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Microsoft is making Windows 10 friendlier to gaming developers like Valve and Steam, after its Windows 8 "catastrophe" left the gaming world in the lurch.
The Redmond company has announced a new DirectX Windows application programming interface (API) that brings GPU-accelerated 'raytracing' to DirectX 12, its set of graphics APIs for developers that build games and videos for Xbox and Windows.
The new API should help Microsoft's Windows 10-driven efforts establish an ecosystem of cheaper VR alternatives to Oculus Rift, and support its goal of boosting consumer gaming content on the Microsoft Store through partnerships with the likes of Steam. Microsoft is also pushing its HoloLens headset and third-party headsets for business applications.
Microsoft claims its technology will overhaul a technique created in the 1990s for rendering 3D images on screen known as rasterization -- a workaround to the challenge of creating 3D images on a flat screen.
In recent years rasterization has been propped up by parallax mapping and screen-space reflection (SSR) for extra reality, but Microsoft thinks raytracing will usher in a new paradigm for 3D effects that, thanks to Nvidia's GPUs, can more efficiently use real-world data to improve rasterization.
The new raytracing API is a stepping stone to using all 3D data in the world to render 3D images rather than just rasterization's 2D-derived representations of the 3D world.
Microsoft has also released a YouTube clip showing the API's 3D potential with SEED's Halcyon engine and raytracing using Nvidia Volta GPUs.
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"By allowing traversal of a full 3D representation of the game world, DirectX Raytracing allows current rendering techniques such as SSR to naturally and efficiently fill the gaps left by rasterization, and opens the door to an entirely new class of techniques that have never been achieved in a real-time game," writes Matt Sandy, a program manager on Microsoft's Direct3D team.
Microsoft has also released a new experimental version of PIX, an Xbox debugging tool for DirectX 12-built games that was expanded to Windows last January.
'PIX 1803.16-raytracing' on Windows now includes experimental support for DirectX Raytracing or DXR. The updated version will help Windows games developers analyze raytracing rendering.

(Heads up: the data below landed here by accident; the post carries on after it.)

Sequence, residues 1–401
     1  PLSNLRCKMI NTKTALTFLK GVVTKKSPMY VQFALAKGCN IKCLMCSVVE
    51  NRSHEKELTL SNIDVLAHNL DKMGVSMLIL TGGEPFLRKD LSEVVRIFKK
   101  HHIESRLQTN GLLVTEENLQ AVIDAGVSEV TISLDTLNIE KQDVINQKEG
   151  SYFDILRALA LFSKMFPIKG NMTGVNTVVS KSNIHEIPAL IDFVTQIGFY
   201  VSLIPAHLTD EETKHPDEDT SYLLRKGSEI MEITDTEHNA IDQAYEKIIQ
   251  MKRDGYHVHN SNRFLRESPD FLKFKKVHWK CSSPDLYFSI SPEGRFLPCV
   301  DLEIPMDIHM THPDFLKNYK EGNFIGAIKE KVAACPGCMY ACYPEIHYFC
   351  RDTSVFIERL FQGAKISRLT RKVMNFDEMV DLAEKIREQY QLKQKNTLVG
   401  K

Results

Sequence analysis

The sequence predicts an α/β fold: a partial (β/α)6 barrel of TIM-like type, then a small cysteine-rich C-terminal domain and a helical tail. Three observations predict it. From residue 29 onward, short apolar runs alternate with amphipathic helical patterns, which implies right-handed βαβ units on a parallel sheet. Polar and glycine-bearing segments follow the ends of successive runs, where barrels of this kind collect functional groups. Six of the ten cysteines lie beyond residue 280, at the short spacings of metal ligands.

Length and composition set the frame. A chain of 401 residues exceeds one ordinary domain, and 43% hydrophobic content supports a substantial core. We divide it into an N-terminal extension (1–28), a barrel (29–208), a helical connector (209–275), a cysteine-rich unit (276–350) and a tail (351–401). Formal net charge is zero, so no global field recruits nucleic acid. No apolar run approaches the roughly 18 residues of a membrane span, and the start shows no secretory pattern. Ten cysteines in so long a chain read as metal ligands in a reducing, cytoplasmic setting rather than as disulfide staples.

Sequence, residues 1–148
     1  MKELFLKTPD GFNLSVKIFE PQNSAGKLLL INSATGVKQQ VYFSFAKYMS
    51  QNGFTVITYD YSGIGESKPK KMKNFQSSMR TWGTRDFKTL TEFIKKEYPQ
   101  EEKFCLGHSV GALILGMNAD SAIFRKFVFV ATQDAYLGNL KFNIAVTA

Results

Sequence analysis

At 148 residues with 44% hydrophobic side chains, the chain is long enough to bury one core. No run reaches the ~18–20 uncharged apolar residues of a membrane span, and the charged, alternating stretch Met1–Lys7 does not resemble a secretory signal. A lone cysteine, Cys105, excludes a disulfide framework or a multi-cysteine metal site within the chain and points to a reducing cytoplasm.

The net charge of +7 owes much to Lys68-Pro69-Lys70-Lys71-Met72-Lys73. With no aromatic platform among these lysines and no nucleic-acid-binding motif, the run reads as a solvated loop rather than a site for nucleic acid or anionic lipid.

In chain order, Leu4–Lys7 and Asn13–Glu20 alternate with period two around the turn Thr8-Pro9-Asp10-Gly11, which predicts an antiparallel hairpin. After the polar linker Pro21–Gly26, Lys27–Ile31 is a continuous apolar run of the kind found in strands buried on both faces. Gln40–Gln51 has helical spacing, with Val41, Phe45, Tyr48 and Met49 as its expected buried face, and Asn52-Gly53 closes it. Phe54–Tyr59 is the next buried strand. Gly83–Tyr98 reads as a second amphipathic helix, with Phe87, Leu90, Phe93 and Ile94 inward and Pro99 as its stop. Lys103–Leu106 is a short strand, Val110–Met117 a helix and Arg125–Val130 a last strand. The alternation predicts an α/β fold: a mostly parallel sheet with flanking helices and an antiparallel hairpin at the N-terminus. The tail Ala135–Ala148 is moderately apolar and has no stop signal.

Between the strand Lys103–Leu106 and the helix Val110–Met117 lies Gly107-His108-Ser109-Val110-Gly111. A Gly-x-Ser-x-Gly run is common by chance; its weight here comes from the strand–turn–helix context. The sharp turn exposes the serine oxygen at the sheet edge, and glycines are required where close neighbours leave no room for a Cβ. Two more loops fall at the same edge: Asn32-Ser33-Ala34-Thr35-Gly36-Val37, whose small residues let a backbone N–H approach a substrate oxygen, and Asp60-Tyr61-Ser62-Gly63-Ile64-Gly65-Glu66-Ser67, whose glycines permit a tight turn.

"Raytracing is an upcoming Windows 10 feature and a new paradigm for both DirectX and PIX on Windows and consequently we plan to evolve PIX on Windows significantly in this area based on input from developers," Microsoft wrote in a blog post.
Microsoft appears to want to manage developers' expectations about raytracing, noting in many cases it will merely complement rasterization.
"DXR will initially be used to supplement current rendering techniques such as screen space reflections, for example, to fill in data from geometry that's either occluded or off-screen. This will lead to a material increase in visual quality for these effects in the near future," writes Sandy.
"Over the next several years, however, we expect an increase in utilization of DXR for techniques that are simply impractical for rasterization, such as true global illumination. Eventually, raytracing may completely replace rasterization as the standard algorithm for rendering 3D scenes.
"That said, until everyone has a light-field display on their desk, rasterization will continue to be an excellent match for the common case of rendering content to a flat grid of square pixels, supplemented by raytracing for true 3D effects."
Microsoft says it has been working with hardware vendors over the past year for DirectX Raytracing support and notes that developers won't need specific hardware support to use DirectX Raytracing.
It's also worked with major gaming platforms including Electronic Arts and Unity Technologies during the development of the API.
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